JDD is written in Java, and top performance was not the main priority during the design.
Still, JDD is a very efficient BDD package. The computation speed is in some situations comparable to CUDD and BuDDy. Due to a new cache scheme, JDD sometimes even outperforms those two (this depends very much on the size and type of the problem being solved). The main disadvantage of using JDD is its memory usage. JDD uses less memory per node than BuDDy, however JVM craziness can result in higher overall memory usage.
If you still need a faster BDD package, check out JBDD, my Java interface to BuDDy and CUDD.
Benchmarking is hard, specially when performance can vary greatly with the problem class. Still, many years ago when I was young and naive I did a quick test to show people JDD was fast enough for the 12-queens problem...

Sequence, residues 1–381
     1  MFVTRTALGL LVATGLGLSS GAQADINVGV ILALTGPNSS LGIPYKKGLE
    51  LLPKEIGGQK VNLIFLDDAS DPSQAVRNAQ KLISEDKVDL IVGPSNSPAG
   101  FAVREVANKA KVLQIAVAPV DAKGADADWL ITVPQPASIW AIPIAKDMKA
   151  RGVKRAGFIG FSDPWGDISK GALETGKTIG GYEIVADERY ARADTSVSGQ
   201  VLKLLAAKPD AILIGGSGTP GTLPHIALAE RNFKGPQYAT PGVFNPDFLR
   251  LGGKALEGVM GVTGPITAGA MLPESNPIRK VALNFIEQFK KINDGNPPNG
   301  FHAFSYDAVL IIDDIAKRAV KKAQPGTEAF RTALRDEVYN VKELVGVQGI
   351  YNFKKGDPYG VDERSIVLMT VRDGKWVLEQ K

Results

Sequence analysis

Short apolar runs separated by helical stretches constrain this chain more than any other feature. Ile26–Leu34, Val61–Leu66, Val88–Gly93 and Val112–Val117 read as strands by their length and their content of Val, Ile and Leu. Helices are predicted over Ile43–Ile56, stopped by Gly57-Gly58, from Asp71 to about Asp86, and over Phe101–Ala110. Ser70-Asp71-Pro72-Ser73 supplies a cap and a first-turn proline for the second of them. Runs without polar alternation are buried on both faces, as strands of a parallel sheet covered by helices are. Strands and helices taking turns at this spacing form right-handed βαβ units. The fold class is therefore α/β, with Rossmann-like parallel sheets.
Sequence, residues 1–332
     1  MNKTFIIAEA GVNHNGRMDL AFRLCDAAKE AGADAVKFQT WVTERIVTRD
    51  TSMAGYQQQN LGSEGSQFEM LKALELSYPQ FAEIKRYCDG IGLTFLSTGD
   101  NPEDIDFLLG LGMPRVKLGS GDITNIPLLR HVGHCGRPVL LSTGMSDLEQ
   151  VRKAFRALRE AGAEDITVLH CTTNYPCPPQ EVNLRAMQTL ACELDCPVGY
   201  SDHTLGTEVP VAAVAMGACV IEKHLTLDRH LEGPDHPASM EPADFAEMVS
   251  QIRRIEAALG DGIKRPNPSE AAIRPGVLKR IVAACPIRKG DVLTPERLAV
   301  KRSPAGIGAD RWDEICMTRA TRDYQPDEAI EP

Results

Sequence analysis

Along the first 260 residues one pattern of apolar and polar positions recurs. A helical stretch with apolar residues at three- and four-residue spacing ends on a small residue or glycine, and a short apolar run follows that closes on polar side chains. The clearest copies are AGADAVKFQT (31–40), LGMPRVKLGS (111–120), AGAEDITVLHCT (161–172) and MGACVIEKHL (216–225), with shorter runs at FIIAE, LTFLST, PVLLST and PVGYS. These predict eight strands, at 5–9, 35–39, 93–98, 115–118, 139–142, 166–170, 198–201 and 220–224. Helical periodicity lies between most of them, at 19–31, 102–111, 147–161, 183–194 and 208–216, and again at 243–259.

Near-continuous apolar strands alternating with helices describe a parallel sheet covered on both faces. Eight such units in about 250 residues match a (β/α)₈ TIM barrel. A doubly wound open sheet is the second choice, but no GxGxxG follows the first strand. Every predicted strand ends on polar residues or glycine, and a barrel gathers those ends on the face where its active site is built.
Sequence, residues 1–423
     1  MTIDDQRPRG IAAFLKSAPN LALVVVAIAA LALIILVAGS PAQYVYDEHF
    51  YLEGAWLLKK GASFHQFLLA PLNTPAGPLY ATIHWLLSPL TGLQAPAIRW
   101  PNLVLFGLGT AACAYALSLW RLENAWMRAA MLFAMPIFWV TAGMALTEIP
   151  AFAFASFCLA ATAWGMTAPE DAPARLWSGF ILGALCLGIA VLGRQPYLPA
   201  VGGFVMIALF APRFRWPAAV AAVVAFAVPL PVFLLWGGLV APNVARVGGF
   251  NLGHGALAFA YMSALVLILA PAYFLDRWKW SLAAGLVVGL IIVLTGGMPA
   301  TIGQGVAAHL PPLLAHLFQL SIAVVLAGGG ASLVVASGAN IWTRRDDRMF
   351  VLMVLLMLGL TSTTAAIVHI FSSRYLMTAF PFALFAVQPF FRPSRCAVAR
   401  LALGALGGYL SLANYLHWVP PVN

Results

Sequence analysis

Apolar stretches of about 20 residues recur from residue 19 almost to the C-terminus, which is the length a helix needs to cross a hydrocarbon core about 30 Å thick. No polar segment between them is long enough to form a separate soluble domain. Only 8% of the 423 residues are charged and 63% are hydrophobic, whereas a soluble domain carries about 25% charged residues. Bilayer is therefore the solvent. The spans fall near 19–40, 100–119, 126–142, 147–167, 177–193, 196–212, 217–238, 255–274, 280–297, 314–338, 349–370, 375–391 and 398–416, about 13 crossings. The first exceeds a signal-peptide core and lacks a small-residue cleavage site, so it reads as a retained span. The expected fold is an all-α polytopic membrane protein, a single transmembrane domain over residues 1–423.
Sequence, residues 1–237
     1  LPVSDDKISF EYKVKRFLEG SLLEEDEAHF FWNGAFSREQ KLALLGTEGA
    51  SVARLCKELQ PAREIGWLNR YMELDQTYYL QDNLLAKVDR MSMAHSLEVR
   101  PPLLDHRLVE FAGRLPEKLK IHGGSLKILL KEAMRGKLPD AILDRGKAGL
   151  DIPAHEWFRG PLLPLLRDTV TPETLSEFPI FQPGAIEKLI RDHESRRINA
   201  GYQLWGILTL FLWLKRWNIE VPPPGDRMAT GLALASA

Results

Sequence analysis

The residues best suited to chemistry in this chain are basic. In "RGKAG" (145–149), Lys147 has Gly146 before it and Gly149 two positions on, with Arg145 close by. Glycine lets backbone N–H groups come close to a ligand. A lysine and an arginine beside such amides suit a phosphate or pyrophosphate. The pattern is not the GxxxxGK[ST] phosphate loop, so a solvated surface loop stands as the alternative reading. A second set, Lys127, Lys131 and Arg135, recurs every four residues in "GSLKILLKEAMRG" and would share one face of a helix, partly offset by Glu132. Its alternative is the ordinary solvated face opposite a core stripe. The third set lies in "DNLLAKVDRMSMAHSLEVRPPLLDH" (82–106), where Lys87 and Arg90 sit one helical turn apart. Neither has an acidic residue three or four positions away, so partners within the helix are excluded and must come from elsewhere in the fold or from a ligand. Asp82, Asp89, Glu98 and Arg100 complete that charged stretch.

Package Slow ratio N queens Slow ratio, CNF SAT (12 x Queens) (aim-100-6_0-yes1-2) BuDDy 1.0 1.6 CUDD 1.65 ? SableJBDD > 10 ? JavaBDD 2.5 5.15 JDD/BDD 1.55 1.0 JDD/ZBDD 0.9 N/A JDD/ZBDD-CSP 0.29 N/A JDD/GSAT N/A < 0.02
- SableJBDD lacks garbage collection (!)
- at that time JavaBDD was in alpha and has improved since then
A BDD-trace is a series of calls to a BDD library recorded at operation level. With a trace-driver, you can repeat these operations with another BDD package. This allows you to compare the performance of two BDD packages easily.
JDD distribution includes the following traces:
- the original traces in Bwolen Yang's trace driver .
- ISCAS85 traces (including the C6288 multiplier) by Yirng-An Chen.
- Superscalar Suite 1.0 by Miroslav Velev.
See the profile.sh script for more information.
 some of these models are explained in the NuSMV manual here.